What I want is a little reality. These standards mainly diminish the breadth of the curriculum and through the associated testing relegate lower achieving students, though not necessarily less able students, to the basement.
You say "we don't think of education in those terms any more." The reference to a coal mining community and pushing pictures on a computer raise legitimate questions about your argument. We want more for our students than that, but we want more of what they can really use. In my opinion your perspective just demeans the needs and desires of the majority of our current students and future workers.
We teach math courses just about math with no connection to the real world. These are nothing but a dead end for most high school students. We're in a period of employment crisis in which high school graduates are being declassed and forced further down the job ladder by more prepared students who are themselves being declassed.
Companies don't need workers with poor job skills and they don't hire them. We need to get out of the classroom and have more internships for every student in which he or she has an opportunity to put what they've learned to use.
So to get back to the intent of the original statement -- this Core Curriculum is certainly not giving the majority the job skills and preparation they need, whatever job that might be.
It's also not helping students prepare for college, where the cost for many already gives a slim return on their investment and leaves them in debt for decades. It's a new world and we better get our heads out of the sand and catch on.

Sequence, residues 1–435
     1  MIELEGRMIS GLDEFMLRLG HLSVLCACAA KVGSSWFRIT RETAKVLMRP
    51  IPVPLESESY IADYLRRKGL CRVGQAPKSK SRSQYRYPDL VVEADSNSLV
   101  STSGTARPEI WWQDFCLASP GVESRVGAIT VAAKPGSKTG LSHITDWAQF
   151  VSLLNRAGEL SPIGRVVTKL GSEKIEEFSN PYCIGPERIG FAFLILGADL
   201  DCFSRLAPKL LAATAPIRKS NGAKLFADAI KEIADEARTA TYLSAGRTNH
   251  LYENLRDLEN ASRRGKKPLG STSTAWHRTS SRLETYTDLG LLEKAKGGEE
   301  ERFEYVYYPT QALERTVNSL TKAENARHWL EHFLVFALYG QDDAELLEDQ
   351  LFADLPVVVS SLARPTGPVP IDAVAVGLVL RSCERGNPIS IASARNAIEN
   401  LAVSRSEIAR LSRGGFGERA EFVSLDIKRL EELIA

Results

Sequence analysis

Accepting that reality is the first step to solving the problem. Reality!
-----Original Message----- From: Gerry Rising [mailto:firstname.lastname@example.org] Sent: Tuesday, April 01, 2014 9:04 AM To: email@example.com Cc: Bob Subject: Re: Jobs and Skills and Zombies - NYTimes.com
On 4/1/14 12:21 AM, Bob wrote: > What do these standards offer them? Nothing really, and definitely no > keys to unlock some success in the real world of work, a world I > sometimes think we like to ignore. No and the education we try to provide our students includes conjugating verbs, reading literature with understanding, learning to balance chemistry equations and many other things, none of which "will help them" in the sense Bob's message suggests.
So what does Bob want? Job skills? Just what are they? The kind of "entry level skills" needed for MacDonald's are taught in primary school: press the right picture on the cash register.
In this regard I recall a Pennsylvania school principal with whom I took an NYU graduate course. His school was in a coal mining town and he argued for a basic - job skills - education because his students would just go on to "careers" in the minesand local stores like their parents. Surely we don't think of education in those terms any longer.
The teach jobskills argument belongs among the April 1 challenges.